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Occup Environ Med. 2011 Nov;68(11):799-805. doi: 10.1136/oem.2010.057729. Epub 2011 Feb 5.

A cross-shift study of lung function, exhaled nitric oxide and inflammatory markers in blood in Norwegian cement production workers.

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1
Department of Occupational and Environmental Medicine, Telemark Hospital, N-3710 Skien, Norway. anne-kristin.fell@sthf.no

Abstract

OBJECTIVES:

To study possible effects of aerosol exposure on lung function, fractional exhaled nitric oxide (FeNO) and inflammatory markers in blood from Norwegian cement production workers across one work shift (0 to 8 h) and again 32 h after the non-exposed baseline registration.

METHODS:

95 workers from two cement plants in Norway were included. Assessment of lung function included spirometry and gas diffusion pre- and post-shift (0 and 8 h). FeNO concentrations were measured and blood samples collected at 0, 8 and 32 h. Blood analysis included cell counts of leucocytes and mediators of inflammation.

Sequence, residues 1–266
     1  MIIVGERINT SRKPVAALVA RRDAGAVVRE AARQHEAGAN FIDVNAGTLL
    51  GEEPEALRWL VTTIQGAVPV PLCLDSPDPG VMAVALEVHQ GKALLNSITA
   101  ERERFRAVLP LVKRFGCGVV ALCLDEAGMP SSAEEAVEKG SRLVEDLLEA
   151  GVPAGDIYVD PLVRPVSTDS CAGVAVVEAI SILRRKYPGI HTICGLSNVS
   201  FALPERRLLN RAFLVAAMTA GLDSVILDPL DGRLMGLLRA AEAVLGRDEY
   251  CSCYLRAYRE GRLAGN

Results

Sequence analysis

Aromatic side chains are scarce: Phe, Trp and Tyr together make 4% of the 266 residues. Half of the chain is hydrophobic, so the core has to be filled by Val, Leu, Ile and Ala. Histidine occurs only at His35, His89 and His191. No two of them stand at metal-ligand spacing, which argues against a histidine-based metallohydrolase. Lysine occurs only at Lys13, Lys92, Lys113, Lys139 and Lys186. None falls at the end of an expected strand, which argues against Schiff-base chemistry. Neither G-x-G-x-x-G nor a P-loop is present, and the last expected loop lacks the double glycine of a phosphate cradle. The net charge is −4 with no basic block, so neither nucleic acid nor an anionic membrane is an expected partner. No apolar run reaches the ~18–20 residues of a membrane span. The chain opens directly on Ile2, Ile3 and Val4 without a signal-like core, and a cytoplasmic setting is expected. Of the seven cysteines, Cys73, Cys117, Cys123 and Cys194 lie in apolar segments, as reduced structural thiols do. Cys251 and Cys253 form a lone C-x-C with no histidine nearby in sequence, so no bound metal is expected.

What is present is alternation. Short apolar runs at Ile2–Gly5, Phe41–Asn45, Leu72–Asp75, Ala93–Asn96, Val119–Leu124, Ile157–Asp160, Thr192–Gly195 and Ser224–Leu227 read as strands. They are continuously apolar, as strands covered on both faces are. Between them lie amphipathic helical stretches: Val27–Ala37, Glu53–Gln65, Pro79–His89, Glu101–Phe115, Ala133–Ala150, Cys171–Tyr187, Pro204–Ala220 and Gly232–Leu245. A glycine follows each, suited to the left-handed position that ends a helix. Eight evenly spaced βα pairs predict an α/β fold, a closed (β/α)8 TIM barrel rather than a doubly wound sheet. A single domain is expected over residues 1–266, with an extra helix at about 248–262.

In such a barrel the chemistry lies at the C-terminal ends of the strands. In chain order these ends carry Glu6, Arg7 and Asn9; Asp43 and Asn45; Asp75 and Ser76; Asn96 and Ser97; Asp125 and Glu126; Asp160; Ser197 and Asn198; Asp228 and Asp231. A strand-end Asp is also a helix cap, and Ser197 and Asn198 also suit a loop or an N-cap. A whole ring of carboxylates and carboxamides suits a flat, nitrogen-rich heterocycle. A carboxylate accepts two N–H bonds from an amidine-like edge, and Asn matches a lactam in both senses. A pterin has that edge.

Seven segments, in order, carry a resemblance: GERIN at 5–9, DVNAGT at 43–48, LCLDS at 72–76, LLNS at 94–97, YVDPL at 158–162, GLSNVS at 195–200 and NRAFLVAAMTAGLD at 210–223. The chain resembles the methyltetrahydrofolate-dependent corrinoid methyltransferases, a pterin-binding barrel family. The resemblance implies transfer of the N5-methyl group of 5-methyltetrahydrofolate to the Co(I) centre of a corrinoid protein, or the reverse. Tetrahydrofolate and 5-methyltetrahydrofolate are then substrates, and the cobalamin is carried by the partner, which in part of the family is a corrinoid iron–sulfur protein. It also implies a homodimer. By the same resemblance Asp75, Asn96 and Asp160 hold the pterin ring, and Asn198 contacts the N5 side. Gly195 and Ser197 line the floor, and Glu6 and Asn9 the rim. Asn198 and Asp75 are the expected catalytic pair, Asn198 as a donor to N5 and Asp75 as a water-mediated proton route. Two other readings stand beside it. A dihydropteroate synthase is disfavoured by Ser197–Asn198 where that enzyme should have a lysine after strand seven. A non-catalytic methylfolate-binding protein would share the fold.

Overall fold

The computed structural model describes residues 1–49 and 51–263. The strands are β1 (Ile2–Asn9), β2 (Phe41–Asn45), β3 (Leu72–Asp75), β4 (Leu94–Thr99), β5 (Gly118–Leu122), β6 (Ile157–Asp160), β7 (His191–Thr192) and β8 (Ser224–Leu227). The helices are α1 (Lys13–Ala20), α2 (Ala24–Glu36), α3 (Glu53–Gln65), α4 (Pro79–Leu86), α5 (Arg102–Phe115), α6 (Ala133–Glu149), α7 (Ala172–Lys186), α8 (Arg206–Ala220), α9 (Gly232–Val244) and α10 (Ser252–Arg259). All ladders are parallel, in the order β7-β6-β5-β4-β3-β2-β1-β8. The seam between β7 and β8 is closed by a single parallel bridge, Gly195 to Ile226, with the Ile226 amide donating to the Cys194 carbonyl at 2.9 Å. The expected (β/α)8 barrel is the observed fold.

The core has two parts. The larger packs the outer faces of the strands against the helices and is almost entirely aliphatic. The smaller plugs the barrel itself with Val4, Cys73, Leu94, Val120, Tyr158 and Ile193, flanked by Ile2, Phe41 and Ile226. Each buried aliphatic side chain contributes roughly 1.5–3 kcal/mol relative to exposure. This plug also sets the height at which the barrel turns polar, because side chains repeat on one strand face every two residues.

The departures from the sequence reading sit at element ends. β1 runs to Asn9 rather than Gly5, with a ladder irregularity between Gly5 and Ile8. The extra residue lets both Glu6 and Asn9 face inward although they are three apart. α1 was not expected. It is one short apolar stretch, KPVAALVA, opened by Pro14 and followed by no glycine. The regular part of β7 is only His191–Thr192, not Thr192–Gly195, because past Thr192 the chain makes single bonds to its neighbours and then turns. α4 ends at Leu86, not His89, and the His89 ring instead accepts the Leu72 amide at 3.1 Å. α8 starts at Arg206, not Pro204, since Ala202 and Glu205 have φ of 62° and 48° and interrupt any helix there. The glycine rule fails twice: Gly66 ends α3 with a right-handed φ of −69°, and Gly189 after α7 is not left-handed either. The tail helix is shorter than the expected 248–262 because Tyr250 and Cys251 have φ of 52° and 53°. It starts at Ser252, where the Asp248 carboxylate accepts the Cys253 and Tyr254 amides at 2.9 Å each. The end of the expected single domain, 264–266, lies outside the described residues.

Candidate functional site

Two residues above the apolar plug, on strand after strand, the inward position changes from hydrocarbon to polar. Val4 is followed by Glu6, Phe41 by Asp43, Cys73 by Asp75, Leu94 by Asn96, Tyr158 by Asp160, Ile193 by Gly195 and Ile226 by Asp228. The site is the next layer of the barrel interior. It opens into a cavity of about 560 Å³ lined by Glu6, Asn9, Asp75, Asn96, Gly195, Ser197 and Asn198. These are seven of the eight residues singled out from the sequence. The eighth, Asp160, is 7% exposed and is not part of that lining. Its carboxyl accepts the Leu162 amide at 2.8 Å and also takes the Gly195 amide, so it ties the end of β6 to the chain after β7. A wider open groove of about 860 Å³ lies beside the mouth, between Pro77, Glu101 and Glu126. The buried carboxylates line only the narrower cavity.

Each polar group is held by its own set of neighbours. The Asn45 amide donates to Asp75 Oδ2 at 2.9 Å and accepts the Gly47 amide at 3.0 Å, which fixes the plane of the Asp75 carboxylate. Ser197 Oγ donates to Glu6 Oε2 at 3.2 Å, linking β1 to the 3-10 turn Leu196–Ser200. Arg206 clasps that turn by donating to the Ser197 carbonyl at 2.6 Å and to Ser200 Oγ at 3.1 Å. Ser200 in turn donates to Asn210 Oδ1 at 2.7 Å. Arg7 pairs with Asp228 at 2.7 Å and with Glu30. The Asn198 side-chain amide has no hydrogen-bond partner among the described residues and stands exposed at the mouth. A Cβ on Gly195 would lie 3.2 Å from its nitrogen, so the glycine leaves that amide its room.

RESULTS:

The median respirable aerosol level was 0.3 mg/m(3) (range 0.02-6.2 mg/m(3)). FEV(1), FEF(25-75%) and DL(CO) decreased by 37 ml (p=0.04), 170 ml/s (p<0.001) and 0.17 mmol/min/kPa (p=0.02), respectively, across the shift. A 2 ppm reduction in FeNO between 0 and 32 h was detected (p=0.01). The number of leucocytes increased by 0.6×10(9) cells/l (p<0.001) across the shift, while fibrinogen levels increased by 0.02 g/l (p<0.001) from 0 to 32 h. TNF-α level increased and IL-10 decreased across the shift. Baseline levels of fibrinogen were associated with the highest level of respirable dust, and increased by 0.39 g/l (95% CI 0.06 to 0.72).

CONCLUSIONS:

We observed small cross-shift changes in lung function and inflammatory markers among cement production workers, indicating that inflammatory effects may occur at exposure levels well below 1 mg/m(3). However, because the associations between these acute changes and personal exposure measurements were weak and as the long-term consequences are unknown, these findings should be tested in a follow-up study.

PMID:
21297153
PMCID:
PMC3191466
DOI:
10.1136/oem.2010.057729
[Indexed for MEDLINE]
Free PMC Article
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